Monday, August 21, 2017

TRANSLATE CLIMATE SCIENCE INTO ACTION? NOT WHILE TRUMP'S IN THE WHITE HOUSE

The researchers who leaked the National Climate Assessment in early August did so out of fear that the Trump administration would censor or simply refuse to publish the report--the product of years of work by 13 federal agencies.

Trump has already proved them right by shutting down the advisory committee charged with evaluating and translating the assessment's scientific findings into action.

It's not as though action on climate change isn't urgently needed--the assessment found that temperatures are rising rapidly, especially in the western US and the northern Great Plains; the Atlantic seaboard can expect more destructive hurricanes; California can expect more droughts; the Northeast can expect more deluges and floods; coastal cities will suffer more flooding as sea levels rise; and the risk of irreversible climate tipping points is growing.

Hurricane Isabel hits East Coast of US, 2003
Credit: Wikipedia
With Trump in the White House (or at Mar-a-Lago), and Scott Pruitt in charge of the EPA, the US will not just be ignoring climate change, it will be moving full speed in reverse.

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Sunday, August 20, 2017

SOUTH MIAMI BREAKS FROM CLIMATE DENIAL, MANDATES SOLAR PANELS ON NEW CONSTRUCTION

Here's a quicklink to a Cleantechnia,com story about how South Miami is coming to its senses about global warming, climate change and, especially, the region's risk from rising sea levels and storm surges. It's the first city outside of California to mandate solar panels on all new homes.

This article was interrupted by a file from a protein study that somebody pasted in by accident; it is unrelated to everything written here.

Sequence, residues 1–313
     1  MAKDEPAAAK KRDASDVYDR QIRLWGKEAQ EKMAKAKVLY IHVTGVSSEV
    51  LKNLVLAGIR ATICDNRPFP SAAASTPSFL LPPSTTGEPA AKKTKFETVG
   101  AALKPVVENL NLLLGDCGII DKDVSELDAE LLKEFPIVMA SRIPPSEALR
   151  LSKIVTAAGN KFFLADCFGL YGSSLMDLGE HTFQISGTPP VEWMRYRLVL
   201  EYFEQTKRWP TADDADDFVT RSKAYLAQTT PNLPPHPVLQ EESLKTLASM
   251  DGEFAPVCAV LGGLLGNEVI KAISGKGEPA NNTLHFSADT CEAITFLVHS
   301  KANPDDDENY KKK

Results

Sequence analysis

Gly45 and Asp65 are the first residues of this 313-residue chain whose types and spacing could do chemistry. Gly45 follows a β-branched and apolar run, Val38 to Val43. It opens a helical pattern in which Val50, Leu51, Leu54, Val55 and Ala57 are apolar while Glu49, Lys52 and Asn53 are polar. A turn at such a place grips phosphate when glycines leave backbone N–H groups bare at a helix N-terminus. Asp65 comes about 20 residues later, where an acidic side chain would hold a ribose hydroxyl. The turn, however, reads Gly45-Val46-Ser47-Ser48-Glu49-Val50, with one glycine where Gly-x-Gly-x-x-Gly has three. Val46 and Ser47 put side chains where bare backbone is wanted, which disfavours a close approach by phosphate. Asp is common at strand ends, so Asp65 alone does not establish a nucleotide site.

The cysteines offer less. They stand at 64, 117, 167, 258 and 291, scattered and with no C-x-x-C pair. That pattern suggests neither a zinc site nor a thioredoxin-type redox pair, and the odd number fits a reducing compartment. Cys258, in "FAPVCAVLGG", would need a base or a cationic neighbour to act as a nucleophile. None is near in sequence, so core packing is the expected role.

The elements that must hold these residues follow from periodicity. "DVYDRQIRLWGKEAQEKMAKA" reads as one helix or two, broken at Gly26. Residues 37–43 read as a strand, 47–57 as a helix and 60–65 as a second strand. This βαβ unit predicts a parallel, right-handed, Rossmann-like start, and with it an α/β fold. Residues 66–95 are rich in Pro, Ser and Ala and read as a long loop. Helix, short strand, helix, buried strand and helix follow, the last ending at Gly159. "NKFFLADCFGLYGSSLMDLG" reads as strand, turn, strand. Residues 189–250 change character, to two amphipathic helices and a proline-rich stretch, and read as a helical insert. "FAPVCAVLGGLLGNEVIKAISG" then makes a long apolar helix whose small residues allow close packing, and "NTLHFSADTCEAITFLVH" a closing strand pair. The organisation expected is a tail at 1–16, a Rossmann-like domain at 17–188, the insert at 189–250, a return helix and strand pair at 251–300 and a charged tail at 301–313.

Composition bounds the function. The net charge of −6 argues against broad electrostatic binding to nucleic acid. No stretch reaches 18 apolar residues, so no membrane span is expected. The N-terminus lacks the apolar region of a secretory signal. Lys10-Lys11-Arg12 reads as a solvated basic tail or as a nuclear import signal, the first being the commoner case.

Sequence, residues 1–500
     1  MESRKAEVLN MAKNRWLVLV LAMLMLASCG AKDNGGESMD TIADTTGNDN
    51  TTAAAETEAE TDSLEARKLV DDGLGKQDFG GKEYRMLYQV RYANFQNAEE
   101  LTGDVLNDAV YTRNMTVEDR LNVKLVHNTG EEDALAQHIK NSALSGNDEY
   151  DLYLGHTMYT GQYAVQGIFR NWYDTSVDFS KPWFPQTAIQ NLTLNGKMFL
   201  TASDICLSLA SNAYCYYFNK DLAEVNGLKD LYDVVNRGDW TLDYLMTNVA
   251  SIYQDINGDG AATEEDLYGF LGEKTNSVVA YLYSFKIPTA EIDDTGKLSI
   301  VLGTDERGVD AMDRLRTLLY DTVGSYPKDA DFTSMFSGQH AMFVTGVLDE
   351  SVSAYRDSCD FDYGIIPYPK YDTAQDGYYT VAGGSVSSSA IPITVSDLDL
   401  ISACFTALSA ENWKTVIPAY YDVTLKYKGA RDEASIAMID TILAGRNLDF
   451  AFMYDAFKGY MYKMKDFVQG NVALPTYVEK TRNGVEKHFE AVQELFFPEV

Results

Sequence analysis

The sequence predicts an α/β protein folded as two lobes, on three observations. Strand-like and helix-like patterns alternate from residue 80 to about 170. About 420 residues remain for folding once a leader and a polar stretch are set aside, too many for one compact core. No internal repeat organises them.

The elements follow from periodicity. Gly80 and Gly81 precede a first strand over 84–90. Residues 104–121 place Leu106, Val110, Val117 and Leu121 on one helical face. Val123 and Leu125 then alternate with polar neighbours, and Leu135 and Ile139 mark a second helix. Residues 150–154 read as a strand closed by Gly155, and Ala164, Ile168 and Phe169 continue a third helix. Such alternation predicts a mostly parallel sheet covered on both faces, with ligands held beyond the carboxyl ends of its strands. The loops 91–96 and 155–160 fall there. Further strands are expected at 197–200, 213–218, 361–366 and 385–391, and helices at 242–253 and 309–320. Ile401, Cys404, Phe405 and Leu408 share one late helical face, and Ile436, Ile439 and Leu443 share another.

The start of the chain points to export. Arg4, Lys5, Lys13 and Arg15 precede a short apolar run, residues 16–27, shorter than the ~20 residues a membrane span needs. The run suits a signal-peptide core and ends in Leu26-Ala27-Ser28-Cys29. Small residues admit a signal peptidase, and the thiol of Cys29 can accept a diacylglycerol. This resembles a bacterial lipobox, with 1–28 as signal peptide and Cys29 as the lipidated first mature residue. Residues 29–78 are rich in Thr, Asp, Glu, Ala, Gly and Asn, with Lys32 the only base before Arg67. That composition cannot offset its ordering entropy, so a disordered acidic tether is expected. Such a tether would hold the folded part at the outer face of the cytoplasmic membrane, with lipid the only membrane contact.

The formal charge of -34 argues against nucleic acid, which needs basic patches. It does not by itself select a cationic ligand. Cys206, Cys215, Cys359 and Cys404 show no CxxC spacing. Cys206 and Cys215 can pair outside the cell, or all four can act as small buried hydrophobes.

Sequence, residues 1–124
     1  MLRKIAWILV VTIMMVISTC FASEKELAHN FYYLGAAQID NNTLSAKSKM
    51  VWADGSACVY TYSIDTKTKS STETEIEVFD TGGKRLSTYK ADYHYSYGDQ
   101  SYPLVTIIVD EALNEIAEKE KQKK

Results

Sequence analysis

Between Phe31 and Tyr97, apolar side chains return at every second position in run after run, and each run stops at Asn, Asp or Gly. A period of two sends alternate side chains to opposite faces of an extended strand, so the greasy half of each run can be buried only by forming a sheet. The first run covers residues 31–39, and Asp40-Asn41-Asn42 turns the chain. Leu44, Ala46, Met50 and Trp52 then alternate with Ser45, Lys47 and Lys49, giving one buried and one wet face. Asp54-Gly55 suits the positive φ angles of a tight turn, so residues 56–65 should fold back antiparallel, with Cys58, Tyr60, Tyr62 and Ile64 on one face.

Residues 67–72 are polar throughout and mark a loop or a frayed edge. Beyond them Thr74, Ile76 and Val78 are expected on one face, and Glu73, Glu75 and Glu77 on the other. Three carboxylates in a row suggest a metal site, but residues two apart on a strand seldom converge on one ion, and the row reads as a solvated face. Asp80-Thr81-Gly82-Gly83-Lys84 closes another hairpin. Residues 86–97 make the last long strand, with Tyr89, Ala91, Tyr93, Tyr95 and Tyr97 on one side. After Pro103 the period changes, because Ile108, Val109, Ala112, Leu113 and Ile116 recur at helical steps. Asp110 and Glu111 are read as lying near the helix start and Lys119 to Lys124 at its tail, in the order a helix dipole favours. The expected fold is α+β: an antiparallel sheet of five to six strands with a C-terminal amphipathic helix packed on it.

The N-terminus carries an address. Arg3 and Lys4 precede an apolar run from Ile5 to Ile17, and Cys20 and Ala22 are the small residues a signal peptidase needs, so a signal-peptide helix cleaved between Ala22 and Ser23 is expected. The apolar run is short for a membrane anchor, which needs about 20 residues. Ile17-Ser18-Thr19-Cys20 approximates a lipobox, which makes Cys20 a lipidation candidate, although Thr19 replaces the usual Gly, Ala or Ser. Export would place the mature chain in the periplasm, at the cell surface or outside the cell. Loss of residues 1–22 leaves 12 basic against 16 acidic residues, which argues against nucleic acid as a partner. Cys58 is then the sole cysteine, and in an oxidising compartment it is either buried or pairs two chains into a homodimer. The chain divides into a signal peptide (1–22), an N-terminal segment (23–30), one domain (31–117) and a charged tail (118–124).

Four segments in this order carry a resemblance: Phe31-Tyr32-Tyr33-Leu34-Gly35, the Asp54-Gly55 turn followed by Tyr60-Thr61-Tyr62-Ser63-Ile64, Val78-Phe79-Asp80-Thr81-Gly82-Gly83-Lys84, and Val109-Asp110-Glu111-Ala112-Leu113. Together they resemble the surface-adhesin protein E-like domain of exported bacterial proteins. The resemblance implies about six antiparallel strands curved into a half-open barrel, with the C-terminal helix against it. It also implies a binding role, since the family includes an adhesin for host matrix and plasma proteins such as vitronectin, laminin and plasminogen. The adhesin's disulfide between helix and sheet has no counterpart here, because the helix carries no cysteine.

Tidal flooding on a sunny day, Miami, 2016
Credit: B137

While our leaders at the federal level continue to march backwards with respect to climate change and its impacts, cities like South Miami and states like California and New York are, of necessity, taking the lead.




Friday, August 11, 2017

SEA LEVEL RISE SPEEDING UP

Climate scientists have been concerned about the risks from rising sea levels for nearly 50 years.

That a warming climate will raise sea levels makes intuitive sense--water, including all the water in the world's oceans, expands as it warms, and melt water from glaciers, ice sheets and the Antarcitc ice cap will of course end up in the oceans.

Although the pace of sea level rise seems small, on the order of a millimeter per year, its impact is multiplied by higher tides, stronger storm surges, sea-level-rise hotspots, and by the fact that 634 million people, close to ten percent of the world's population, live in low-lying coastal areas. The US is among the top ten countries with large numbers of people at risk from sea-level rise.

Pinning down the rate of sea level rise has proved to be challenging (see "Sea level measurement" at this URL). Now, however, a team of researchers has used sophisticated statistical techniques to deal systematically with the sources of uncertainty in different sea level data sets. "This likely is the first time a group of statisticians have had really close examination of sea level data," says Andrew Parnell, at University College Dublin.

Their approach allowed them to trace sea level changes over the past 2000 years, with increasing accuracy as more, and more accurate, data have become available in recent decades.